Guardian reporter defends decision to publish NSA data

Glenn Greenwald said he shouldn’t face charges.
Glenn Greenwald said he shouldn’t face charges.

WASHINGTON — Guardian reporter Glenn Greenwald defended his actions Sunday when asked on national television why he shouldn’t be charged with a crime for having ‘‘aided and abetted’’ former National Security Agency analyst Edward Snowden.

Greenwald replied to David Gregory, the host of NBC’s “Meet the Press,’’ that it was ‘‘pretty extraordinary that anybody who would call themselves a journalist would publicly muse about whether or not other journalists should be charged with felonies.’’

Greenwald first reported Snowden’s disclosure of US government surveillance programs. On Sunday, Ecuador’s foreign minister and the antisecrecy group WikiLeaks said that Snowden was headed to Ecuador to seek asylum.


During his interview with Gregory, Greenwald declined to discuss where Snowden was headed. That refusal seemed to prompt Gregory to ask: ‘‘To the extent that you have aided and abetted Snowden, even in his current movements, why shouldn’t you, Mr. Greenwald, be charged with a crime?’’

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Greenwald said Gregory was embracing the Obama administration’s attempt to ‘‘criminalize investigative journalism,’’ citing an FBI agent’s characterization of Fox News journalist James Rosen as a probable co-conspirator of a State Department contractor who was suspected of leaking classified information to Rosen.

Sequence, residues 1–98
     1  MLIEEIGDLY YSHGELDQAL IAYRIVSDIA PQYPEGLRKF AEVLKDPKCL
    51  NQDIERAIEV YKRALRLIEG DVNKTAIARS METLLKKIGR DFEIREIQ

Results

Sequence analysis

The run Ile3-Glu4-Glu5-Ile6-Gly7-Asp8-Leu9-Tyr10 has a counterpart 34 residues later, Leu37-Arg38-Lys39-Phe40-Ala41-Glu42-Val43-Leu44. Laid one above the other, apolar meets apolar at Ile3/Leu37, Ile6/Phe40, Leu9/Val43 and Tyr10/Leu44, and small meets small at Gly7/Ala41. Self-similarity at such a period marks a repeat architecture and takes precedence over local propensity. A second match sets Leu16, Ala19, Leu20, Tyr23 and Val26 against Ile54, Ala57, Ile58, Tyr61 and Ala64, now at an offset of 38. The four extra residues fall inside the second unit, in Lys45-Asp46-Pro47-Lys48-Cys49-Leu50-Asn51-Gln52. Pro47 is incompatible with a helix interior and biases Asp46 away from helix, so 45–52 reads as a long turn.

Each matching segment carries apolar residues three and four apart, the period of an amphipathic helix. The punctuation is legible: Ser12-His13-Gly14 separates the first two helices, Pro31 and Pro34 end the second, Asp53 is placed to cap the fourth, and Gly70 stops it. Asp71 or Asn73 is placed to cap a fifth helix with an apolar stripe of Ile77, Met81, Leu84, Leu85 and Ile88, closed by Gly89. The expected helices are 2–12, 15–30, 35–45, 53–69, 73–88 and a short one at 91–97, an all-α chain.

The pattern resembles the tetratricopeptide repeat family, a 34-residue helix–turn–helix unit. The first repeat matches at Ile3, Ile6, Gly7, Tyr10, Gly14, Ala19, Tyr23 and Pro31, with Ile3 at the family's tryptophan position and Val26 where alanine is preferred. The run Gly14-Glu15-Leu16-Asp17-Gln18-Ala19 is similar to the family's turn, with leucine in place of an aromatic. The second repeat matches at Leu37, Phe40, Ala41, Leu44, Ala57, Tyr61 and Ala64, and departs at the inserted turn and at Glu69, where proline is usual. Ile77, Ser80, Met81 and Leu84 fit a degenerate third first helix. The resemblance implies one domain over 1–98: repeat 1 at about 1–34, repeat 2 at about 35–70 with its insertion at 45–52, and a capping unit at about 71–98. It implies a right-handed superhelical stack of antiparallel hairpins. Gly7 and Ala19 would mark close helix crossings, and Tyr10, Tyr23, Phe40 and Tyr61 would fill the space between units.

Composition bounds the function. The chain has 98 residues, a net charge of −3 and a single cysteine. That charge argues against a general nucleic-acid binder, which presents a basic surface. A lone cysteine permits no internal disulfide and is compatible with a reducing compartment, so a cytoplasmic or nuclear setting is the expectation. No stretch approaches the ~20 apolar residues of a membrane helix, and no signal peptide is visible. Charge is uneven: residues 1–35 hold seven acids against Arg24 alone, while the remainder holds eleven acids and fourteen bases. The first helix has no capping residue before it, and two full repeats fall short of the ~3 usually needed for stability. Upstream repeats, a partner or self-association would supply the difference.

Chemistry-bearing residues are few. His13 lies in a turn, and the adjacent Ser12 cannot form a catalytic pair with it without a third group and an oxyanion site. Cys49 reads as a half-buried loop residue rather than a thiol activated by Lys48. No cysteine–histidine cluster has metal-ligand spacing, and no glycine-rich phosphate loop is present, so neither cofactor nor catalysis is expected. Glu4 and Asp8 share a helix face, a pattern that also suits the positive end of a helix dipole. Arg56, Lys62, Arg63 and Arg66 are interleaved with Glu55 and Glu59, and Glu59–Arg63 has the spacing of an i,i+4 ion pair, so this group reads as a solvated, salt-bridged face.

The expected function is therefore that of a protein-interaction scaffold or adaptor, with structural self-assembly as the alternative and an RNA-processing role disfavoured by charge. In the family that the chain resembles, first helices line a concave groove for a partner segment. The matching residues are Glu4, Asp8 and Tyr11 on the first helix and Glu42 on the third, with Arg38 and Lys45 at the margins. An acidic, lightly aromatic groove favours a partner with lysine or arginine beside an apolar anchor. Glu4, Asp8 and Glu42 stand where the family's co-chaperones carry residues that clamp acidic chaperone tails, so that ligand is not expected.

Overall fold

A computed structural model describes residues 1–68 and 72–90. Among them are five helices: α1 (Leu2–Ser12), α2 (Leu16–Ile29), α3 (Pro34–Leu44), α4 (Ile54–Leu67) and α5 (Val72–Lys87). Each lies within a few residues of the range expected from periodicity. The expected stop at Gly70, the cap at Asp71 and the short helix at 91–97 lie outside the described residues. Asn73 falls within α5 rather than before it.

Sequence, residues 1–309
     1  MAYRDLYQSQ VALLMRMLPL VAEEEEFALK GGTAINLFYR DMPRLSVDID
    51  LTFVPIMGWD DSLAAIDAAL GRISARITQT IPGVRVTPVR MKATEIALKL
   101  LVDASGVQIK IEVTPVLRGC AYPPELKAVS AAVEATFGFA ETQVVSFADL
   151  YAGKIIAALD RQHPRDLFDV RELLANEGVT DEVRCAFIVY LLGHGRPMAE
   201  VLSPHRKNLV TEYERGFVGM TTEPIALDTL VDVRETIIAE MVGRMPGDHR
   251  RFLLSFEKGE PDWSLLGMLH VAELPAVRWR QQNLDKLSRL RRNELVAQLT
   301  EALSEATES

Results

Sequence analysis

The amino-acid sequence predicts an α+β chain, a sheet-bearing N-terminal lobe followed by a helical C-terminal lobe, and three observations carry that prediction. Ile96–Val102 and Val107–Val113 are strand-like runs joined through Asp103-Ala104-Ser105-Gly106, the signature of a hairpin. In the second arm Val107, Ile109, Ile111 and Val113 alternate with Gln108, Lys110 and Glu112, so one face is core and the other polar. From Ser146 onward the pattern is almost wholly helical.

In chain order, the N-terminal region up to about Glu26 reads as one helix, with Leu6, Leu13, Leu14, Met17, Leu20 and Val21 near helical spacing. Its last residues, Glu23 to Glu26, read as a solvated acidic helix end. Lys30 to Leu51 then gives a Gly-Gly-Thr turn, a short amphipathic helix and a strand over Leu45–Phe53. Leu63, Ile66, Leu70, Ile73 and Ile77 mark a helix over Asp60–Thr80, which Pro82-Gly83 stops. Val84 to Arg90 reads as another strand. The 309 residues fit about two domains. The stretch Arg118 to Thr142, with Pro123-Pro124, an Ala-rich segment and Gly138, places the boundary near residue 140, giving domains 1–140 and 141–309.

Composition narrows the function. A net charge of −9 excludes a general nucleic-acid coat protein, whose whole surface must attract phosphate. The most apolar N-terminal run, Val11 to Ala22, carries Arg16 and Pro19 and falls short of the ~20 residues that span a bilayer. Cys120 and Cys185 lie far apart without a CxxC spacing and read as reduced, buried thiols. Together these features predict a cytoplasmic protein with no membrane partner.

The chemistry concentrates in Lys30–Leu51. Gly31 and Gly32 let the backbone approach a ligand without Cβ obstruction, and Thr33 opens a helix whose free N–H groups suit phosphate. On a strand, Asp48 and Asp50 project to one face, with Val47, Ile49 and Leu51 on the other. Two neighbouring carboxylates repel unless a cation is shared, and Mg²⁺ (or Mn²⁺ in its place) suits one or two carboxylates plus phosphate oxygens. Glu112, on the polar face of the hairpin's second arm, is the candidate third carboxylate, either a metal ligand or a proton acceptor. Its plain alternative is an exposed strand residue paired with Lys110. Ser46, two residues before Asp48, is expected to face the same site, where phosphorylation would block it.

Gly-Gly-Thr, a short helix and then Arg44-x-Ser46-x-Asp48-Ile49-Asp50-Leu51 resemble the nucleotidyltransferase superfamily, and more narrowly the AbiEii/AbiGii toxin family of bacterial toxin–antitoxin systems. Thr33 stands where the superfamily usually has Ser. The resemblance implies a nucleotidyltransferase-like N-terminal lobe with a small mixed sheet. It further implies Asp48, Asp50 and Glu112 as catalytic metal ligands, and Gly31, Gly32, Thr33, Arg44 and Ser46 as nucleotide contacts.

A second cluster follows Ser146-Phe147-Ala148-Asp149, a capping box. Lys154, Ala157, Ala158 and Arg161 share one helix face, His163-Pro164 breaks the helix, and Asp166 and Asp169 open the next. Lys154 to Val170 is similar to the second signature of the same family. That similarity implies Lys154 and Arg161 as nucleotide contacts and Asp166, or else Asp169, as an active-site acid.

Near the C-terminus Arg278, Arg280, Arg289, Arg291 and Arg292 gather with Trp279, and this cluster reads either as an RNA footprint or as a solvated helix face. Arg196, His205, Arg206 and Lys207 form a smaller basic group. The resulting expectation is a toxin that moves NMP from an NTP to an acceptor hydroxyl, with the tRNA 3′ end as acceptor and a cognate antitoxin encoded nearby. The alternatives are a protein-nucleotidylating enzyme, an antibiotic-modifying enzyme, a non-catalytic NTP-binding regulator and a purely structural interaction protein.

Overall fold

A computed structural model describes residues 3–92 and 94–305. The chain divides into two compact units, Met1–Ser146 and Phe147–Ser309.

Rosen was not charged.

‘‘If you want to embrace that theory, it means that every investigative journalist in the United States who works with their sources, who receives classified information is a criminal, and it’s precisely those theories and precisely that climate that has become so menacing in the United States,’’ said Greenwald.

Greenwald, a former constitutional and civil rights lawyer, has written three books contending that the government has violated personal rights in the name of protecting national security.


Gregory responded that ‘‘the question of who is a journalist may be up to a debate with regard to what you are doing.’’ Gregory also said he was merely asking a question.

‘‘That question has been raised by lawmakers as well,’’ Gregory said. ‘‘I’m not embracing anything, but, obviously, I take your point.’’

Later, Greenwald tweeted, ‘‘Who needs the government to try to criminalize journalism when you have David Gregory to do it?’’ and, ‘‘Has David Gregory ever publicly wondered if powerful DC officials should be prosecuted for things like illegal spying & lying to Congress?’’

Snowden disclosed surveillance programs that collect vast amounts of online data and e-mail, sometimes sweeping up information on ordinary American citizens.

Officials have the ability to collect phone and Internet data broadly but need a warrant to review specific cases where they believe terrorism is involved. The revelation sparked debate about government surveillance and post-Sept. 11 civil liberties.


Since revealing himself as the principal source for reports in the Guardian and the Washington Post, Snowden had been in hiding in Hong Kong.

The United States sought his extradition but officials in Hong Kong rejected that, saying the US petition did not pass muster.

The former NSA contractor has had his passport revoked, although that alone probably would not thwart his travel.